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Radio active...

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posted on Jun, 20 2006 @ 09:14 PM
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Radio active. I need help understanding this. Radio active means something is radiating something correct? Radiation what? We can sum up the 'what', in general, by calling it energy.

So radio activ means radiating energy. Everything radiates energy. So... Well, what's radio active 'bad' vs. radio active 'normal'?

Anyone with a general jist of an understanding? I've got a brain storm going on and don't want to loose train of thought by doing hourse worth of googleing and reading.

Thanks




posted on Jun, 20 2006 @ 09:49 PM
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When something is labeled radioactive, it typically means it emits Alpha, Beta, or Gamma radiation in doses that could potentially harm living things.

Yes, you are right, EVERYTHING is radioactive at a small level, but only those that could cause harm actually get the warning label.



posted on Jun, 20 2006 @ 10:53 PM
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There are probably 1000 radioactive sources around you right now, but 999 of them are so minor that it would take three lifetimes for it to affect you. Alpha and Beta radiation are effectively harmless. Gamma radiation in large enough, concentrated doses will kill you pretty quickly.

Here's a pretty good page that explains radiation fairly well, and without going into really complicated details.

www.uic.com.au...

[edit on 6/20/2006 by Zaphod58]



posted on Jun, 21 2006 @ 01:21 AM
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Oh, you can get killed by alpha and beta radiation... you wont find anything that naturally produces those kind of levels, but in the right dosage, it will kill you... very slowly.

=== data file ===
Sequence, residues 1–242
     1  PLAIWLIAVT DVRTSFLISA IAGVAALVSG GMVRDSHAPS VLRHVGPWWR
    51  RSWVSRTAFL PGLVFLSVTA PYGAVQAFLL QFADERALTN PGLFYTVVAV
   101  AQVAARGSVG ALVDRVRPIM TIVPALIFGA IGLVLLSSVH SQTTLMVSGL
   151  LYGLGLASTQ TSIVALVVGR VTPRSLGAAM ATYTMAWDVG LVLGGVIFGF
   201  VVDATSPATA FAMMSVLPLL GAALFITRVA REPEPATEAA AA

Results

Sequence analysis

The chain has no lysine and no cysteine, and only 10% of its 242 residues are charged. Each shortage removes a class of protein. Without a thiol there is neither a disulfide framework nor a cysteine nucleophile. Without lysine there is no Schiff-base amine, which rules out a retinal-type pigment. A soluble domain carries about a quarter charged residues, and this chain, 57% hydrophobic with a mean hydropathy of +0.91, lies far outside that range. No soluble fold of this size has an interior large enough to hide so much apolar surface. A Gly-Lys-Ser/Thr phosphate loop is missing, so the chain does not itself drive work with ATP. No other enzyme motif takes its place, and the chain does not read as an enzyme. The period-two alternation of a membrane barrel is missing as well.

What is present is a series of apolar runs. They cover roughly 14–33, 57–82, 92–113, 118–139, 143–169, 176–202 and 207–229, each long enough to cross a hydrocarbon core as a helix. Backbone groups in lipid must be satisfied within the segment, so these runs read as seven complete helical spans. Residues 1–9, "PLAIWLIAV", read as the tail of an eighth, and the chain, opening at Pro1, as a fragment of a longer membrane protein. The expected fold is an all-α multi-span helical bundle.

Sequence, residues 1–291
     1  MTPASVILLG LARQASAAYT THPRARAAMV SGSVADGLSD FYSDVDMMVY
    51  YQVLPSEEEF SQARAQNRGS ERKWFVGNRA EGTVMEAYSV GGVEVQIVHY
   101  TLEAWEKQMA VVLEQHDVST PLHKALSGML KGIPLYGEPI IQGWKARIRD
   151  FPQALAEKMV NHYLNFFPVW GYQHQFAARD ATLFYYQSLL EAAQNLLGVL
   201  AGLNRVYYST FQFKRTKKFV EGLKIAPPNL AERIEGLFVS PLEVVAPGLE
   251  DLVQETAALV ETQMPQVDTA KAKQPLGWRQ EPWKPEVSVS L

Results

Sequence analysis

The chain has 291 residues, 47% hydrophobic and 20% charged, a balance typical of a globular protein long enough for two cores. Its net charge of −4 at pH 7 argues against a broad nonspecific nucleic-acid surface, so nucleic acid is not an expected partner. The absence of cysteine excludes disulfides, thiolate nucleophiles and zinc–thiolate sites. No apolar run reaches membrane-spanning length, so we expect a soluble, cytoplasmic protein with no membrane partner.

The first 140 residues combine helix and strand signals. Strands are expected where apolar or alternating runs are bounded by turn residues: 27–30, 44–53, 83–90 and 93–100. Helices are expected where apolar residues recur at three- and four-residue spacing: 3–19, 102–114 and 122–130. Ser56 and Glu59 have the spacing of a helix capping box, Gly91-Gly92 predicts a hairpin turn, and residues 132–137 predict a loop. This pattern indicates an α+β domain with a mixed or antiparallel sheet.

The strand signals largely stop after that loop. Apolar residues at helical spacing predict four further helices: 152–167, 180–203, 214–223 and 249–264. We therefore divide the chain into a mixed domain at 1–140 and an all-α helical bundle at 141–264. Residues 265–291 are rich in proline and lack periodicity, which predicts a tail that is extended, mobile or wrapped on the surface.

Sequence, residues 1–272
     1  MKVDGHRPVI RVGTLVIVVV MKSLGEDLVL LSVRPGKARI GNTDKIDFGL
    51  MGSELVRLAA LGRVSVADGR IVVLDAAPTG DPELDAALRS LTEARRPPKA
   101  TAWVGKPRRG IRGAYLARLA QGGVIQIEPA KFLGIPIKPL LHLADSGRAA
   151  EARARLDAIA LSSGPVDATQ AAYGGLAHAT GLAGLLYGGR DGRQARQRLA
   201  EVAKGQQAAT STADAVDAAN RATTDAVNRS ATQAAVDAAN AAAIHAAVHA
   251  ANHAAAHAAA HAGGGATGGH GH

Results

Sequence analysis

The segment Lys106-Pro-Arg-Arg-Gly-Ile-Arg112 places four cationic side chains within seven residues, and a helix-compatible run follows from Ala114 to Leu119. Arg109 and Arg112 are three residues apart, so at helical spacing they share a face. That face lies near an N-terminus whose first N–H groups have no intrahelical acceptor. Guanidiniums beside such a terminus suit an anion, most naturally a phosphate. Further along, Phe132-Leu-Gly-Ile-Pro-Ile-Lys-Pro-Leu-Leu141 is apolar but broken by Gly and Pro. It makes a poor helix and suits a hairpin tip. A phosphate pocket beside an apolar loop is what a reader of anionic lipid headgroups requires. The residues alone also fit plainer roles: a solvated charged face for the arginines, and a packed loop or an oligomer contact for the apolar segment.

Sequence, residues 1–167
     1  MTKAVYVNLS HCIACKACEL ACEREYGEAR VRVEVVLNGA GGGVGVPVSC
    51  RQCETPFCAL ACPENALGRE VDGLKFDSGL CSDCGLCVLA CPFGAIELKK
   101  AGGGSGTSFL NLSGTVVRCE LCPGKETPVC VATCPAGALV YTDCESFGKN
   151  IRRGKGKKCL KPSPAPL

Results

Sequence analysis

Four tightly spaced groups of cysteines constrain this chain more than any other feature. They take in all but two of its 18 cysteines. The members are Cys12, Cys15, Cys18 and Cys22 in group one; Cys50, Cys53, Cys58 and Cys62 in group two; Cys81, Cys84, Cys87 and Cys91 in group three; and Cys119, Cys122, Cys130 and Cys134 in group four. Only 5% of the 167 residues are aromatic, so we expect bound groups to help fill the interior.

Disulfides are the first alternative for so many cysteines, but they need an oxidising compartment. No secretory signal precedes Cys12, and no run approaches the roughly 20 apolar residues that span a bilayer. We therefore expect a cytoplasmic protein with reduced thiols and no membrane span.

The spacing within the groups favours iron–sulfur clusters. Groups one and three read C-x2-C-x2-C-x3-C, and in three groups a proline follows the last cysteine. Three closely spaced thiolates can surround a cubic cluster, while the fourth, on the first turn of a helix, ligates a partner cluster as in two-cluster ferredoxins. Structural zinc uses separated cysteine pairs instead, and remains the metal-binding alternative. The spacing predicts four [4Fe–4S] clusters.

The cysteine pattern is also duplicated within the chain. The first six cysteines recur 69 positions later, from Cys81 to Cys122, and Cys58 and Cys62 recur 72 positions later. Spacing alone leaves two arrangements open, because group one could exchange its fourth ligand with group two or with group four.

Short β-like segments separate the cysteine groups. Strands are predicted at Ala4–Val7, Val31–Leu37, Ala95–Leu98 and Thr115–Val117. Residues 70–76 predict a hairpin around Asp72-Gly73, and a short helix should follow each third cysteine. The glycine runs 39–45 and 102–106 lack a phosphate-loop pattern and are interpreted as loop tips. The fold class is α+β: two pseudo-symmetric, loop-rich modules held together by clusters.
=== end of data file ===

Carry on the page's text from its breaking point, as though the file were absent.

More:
Alpha and beta radiation can only burn your skin... but, enough of it, and well, wont take long to burn the skin clean off.

Gamma is the real killer though as mentioned above. It takes a relatively small dose to kill someone.

Too bad it doesnt work like in the good old comic books eh?



posted on Jun, 21 2006 @ 07:33 AM
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Yes, as mentioned, everything does emit radiation... but in very small amounts.

What's dangerous is when a source emits a large amount of radiation.

If you take one of those rad-meters (they look like battery packs with a metal stick on it, and it makes "clicking" noises) and walk around with it, you'll here a bunch of clicks, but they're spaced out. That is normal radiation being given off by you and me and the sun and the stars.

However, put it next to something that's deemed "radioactive" (like naturally occuring uranium) and you'll here the frequency of the clicks speed up by a lot! That's because the uranium is releasing MORE radiation than most matter. Any time you hear a bunch of clicks in *very* rapid succession, it means you're near a potentially hazordous emitter of radiation.

Now, uranium isn't actually that bad. Handling it without protective gloves is bad for you (though you could never tell), and living in the same house as it if it's unprotected (say in your entrance) is also bad for you. However, keeping some distance, or some wall, between you and it essentially completely eliminates it's danger. That's because it's basic radiation.

The dangers with Gamma radiation is that Gamma rays can go through most ordinary matter. If it stops light, it stops Infra-red, but almost nothing stops gamma. You need very thick concrete walls to stop it, or comparatively thick walls of lead shielding. Gamma isn't nice because it's hard to contain - whilst the others are comparatively easy to contain.



posted on Jun, 21 2006 @ 08:22 AM
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Originally posted by johnsky